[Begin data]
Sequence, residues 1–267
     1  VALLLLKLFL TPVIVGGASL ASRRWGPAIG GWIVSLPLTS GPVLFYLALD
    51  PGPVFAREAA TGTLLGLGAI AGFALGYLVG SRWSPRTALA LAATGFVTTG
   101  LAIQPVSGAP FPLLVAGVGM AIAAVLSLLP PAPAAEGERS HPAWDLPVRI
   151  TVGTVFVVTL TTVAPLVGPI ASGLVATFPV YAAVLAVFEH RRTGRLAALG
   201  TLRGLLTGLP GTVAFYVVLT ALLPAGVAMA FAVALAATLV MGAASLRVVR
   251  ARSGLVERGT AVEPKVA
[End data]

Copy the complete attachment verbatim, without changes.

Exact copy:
Sequence, residues 1–267
     1  VALLLLKLFL TPVIVGGASL ASRRWGPAIG GWIVSLPLTS GPVLFYLALD
    51  PGPVFAREAA TGTLLGLGAI AGFALGYLVG SRWSPRTALA LAATGFVTTG
   101  LAIQPVSGAP FPLLVAGVGM AIAAVLSLLP PAPAAEGERS HPAWDLPVRI
   151  TVGTVFVVTL TTVAPLVGPI ASGLVATFPV YAAVLAVFEH RRTGRLAALG
   201  TLRGLLTGLP GTVAFYVVLT ALLPAGVAMA FAVALAATLV MGAASLRVVR
   251  ARSGLVERGT AVEPKVA